Full disclosure: I tidy up on a regular basis. I update, reorganize, recycle, repurpose, and “clear the decks” all the time. What I’m talking about here is more of a “spring cleaning” . . . one that is about three spring seasons overdue.
For example, several years ago I sold my house in New York and though I did a moving clean-out and meticulously packed everything that remained, I still have some boxes that have never been unpacked. Some because I just don’t need the contents anymore, and some because I don’t have the proper place for them right now.
Have nothing in your houses that you do not know to be useful, or believe to be beautiful. —William Morris
But it isn’t just the moving boxes that need a thorough sorting through. I’ve changed my life in the last several years and I think that there are “better homes” for many of the things I own. While I have always tried to follow William Morris‘s advice, some of my things will likely be more useful to someone else. As for the beautiful things, I’m happy to share.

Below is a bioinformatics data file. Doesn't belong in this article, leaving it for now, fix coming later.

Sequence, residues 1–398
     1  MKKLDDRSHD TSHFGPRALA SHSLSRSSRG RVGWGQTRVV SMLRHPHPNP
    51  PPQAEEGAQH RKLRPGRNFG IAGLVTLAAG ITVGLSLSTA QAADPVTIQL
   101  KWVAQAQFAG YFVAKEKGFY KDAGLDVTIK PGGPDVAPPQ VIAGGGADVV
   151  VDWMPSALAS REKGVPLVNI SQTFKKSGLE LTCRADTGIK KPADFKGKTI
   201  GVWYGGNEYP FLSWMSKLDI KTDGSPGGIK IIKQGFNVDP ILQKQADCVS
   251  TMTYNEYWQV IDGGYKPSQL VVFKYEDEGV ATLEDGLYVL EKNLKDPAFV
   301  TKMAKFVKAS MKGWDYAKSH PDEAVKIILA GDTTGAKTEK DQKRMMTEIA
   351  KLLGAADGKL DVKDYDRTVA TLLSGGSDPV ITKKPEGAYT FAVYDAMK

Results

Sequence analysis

With all that said, I’ve already made some strides to clear out the surplus from my life. As I go through things I’m deciding what to keep and how to categorize everything else: donate, sell, and recycle (and “recycling” includes actual recycling, as well as repurposing, and gifting).
There’s also something liberating about paring down you personal inventory. (I guess Marie Kondo really was onto something.) Very often people hold on to things for sentimental reasons—I know I do. And some, if not most, of those sentimental keepsakes will survive my “spring cleaning.”
But some sentimental mementos have an expiration date. Sometimes we need to hold onto things until we have learned what we need to learn from the emotional connection it holds for us. Then they can move on and hold another meaning for another person.
Cycle of life. Or cycle of stuff, as the case may be.